MANAGING INNOVATION - THE MODEL This is the critical process of turning ideas into Value. Having the right skills, knowledge and tools to implement new ideas into existing processes or work systems is of great importance. This needs to be done in such a way that the desired results are not just obtained but also retained. IMPLEMENTATION:
MANAGING INNOVATION - THE MODEL INTERRELATIONSHIP BETWEEN COMPONENTS: The matrix shows how no one component is independent of the others. Each has some degree of interrelationship with, and effect on, any one or combination of the others. A delicate force field establish, balance and maintain.
ESTABLISHING STRATEGIC, FOCUSED, SHARED GOALS. ALIGNMENT OF GOALS It’s important that the goals of the organization be in good alignment with its vision and mission. VISION A ‘hierarchy’ of goals and objectives should pervade the organization so that effort is aligned toward corporate goal attainment. MISSION GOALS
ESTABLISHING STRATEGIC, FOCUSED, SHARED GOALS. OVERALL ‘FIT’ Look at the ‘big picture’ to verify fit of goals with other departments and disciplines. RELATIVE IMPACT: Understand the cost/performance relationships between goals. Be on the lookout for possible ‘weak links’.
ESTABLISHING STRATEGIC, FOCUSED, SHARED GOALS. COMMUNICATING GOALS: Err on the safe side! Communicate goals far and wide! Sometimes innovative solutions come from people in other areas.
NEW VALUE: LOOKING FOR SPECIFIC OPPORTUNITIES Typically, attractive ‘New Value’ opportunities in manufacturing will take any of the following forms:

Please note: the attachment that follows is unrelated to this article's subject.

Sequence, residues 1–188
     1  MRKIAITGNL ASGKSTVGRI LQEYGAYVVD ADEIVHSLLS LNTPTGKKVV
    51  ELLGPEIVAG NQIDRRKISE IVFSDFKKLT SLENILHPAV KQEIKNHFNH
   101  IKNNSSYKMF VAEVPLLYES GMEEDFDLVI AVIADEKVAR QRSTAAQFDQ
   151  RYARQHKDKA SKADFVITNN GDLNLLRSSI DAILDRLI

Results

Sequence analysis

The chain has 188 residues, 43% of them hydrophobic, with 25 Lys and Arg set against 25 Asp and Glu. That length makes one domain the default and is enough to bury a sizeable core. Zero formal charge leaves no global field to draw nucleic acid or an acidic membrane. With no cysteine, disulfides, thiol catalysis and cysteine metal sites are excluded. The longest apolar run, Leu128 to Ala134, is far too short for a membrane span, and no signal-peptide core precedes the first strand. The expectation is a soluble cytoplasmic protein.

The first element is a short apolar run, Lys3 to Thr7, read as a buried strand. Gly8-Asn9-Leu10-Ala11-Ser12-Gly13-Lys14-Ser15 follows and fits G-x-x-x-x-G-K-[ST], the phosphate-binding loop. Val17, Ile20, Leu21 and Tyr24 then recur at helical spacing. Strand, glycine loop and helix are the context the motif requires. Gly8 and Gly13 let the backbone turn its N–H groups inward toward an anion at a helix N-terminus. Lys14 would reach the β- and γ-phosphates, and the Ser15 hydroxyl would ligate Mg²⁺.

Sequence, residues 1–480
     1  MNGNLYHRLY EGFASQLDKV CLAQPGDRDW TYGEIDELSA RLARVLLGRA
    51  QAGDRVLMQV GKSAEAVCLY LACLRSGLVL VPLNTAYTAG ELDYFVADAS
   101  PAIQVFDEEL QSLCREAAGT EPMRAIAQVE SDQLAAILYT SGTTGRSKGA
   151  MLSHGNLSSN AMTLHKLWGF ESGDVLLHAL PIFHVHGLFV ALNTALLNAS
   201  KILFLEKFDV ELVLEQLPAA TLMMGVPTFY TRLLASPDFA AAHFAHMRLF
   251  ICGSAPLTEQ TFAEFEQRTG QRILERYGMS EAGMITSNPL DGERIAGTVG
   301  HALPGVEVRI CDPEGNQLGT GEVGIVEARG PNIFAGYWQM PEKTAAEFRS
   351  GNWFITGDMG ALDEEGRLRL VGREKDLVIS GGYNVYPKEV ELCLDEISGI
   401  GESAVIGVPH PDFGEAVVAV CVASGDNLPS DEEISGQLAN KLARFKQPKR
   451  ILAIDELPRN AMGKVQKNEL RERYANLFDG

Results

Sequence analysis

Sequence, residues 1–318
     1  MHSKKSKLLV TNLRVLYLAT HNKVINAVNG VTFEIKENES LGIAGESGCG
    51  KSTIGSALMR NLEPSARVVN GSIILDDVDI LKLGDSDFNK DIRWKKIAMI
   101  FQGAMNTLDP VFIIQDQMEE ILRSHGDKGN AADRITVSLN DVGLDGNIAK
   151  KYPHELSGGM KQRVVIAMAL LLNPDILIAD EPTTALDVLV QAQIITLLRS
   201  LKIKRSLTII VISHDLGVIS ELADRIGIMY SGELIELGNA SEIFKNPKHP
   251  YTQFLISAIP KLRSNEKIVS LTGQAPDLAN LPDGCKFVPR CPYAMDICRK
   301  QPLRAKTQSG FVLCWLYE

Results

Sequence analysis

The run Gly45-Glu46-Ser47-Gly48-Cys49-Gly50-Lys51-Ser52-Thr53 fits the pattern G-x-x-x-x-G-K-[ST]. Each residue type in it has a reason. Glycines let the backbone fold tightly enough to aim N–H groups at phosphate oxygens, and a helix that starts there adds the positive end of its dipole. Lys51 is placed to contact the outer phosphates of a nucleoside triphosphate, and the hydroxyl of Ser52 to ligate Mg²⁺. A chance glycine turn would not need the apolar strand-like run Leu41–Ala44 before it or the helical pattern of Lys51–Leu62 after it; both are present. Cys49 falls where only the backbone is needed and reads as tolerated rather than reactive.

Through new technologies? By using new sensors? Using new control strategies? Via new operating practices? Other? NEW VALUE: LOOKING FOR SPECIFIC OPPORTUNITIES Quality Improvements (Quite often, new solutions are only limited by our imaginations)
NEW VALUE: LOOKING FOR SPECIFIC OPPORTUNITIES Feedstock Yield Improvements: Getting more prime product per unit of input material is always an objective in manufacturing. Productivity Improvements: Producing more prime product per unit of time is always an ongoing objective, even in cases where your market may be restricted. “New value flows from breaking out of estab- lished patterns so as to look at things in different ways” - Edward de Bono
NEW VALUE: LOOKING FOR SPECIFIC OPPORTUNITIES Product Diversifications: - Extend the existing product range? - Other uses for existing products? Cost Reductions: Every dollar of expense or loss that can be trimmed reports directly to the bottom line!